Every person required to deduct and withhold from an employee a tax under section 3101 or 3402...shall furnish to each such employee...on or before January 31 of the succeeding year, or, if his employment is terminated before the close of such calendar year, within 30 days after the date of receipt of a written request from the employee if such 30-day period ends before January 31, a written statement showing...(6) the total amount deducted and withheld as tax under section 3101....I.R.C. § 6051(a).
IRC regulations also require that employers who file 250 or more W-2 wage reports per year must file them on magnetic media, unless the IRS specifically grants the employer a waiver.
(b)...If the use of Form W-2, W-2P...is required...the information required by such form shall...be submitted on magnetic media....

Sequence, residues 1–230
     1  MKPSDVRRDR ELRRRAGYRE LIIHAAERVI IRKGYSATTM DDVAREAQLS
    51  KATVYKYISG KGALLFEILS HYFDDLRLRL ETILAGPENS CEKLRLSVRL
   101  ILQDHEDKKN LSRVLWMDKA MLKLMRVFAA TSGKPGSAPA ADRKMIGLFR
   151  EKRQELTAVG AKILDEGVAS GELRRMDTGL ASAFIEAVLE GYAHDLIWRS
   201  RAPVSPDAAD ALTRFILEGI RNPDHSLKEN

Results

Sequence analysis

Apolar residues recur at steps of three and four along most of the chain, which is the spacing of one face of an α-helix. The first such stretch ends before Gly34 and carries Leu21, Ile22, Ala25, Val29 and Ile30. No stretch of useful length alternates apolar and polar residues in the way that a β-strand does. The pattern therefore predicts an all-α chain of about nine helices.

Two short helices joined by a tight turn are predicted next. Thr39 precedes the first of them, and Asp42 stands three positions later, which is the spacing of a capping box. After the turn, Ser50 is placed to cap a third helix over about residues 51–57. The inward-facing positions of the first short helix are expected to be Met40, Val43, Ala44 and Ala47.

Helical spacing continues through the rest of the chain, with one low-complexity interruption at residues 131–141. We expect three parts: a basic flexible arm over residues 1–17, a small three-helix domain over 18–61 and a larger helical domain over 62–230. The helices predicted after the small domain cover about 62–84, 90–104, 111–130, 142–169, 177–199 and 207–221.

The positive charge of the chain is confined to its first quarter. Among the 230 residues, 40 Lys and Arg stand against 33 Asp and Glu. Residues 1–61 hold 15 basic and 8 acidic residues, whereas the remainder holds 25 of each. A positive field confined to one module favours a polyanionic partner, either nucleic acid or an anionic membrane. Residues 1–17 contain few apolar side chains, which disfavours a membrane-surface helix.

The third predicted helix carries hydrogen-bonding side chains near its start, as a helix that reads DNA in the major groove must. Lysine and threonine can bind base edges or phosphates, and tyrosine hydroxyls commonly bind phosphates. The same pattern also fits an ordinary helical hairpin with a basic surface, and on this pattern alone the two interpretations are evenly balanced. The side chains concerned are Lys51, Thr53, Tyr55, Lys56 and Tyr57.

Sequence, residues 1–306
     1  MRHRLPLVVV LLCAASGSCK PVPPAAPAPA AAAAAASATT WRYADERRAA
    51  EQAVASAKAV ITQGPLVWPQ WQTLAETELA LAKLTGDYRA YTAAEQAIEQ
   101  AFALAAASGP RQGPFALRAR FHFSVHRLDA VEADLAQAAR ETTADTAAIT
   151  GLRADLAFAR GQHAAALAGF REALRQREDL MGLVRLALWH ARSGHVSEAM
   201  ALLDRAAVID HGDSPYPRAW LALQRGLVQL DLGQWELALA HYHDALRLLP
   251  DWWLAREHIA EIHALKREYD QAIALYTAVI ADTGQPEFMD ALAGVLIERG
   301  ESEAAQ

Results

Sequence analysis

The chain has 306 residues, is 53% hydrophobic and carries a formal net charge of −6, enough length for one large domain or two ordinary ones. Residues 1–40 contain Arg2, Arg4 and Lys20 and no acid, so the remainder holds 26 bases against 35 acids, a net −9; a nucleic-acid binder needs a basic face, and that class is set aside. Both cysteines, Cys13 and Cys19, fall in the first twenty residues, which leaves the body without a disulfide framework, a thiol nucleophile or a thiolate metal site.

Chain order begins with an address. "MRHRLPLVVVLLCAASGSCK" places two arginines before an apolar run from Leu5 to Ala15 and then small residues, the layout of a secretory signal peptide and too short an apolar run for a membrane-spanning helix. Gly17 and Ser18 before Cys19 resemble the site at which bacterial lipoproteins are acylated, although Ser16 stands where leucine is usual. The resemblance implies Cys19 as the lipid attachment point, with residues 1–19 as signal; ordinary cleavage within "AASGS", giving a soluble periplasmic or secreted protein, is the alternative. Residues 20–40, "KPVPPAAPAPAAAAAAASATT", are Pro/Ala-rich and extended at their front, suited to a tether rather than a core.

(c) Exceptions-....(B) In the case of a calendar year or annual period beginning on JANUARY 2005 UNITED STATES ATTORNEYS' BULLETIN 25 or after January 1, 1987-...(2) The person was not required to file 250 or more returns on such form for the preceding year....
(f) Failure to File. If a person fails to file a return on magnetic media when required to do so... such person is deemed to have failed to file the return.
26 C.F.R. § 301.6011-2
III. Importance of the Federal Insurance Contributions Act (FICA)
Employers are required by the IRS to withhold FICA taxes for reporting to SSA. "The tax imposed by section (FICA) 3101 shall be collected by the employer of the taxpayer, by deducting the amount of the tax from the wages as and when paid." See I.R.C. § 3102(a).
A. Legislative history of FICA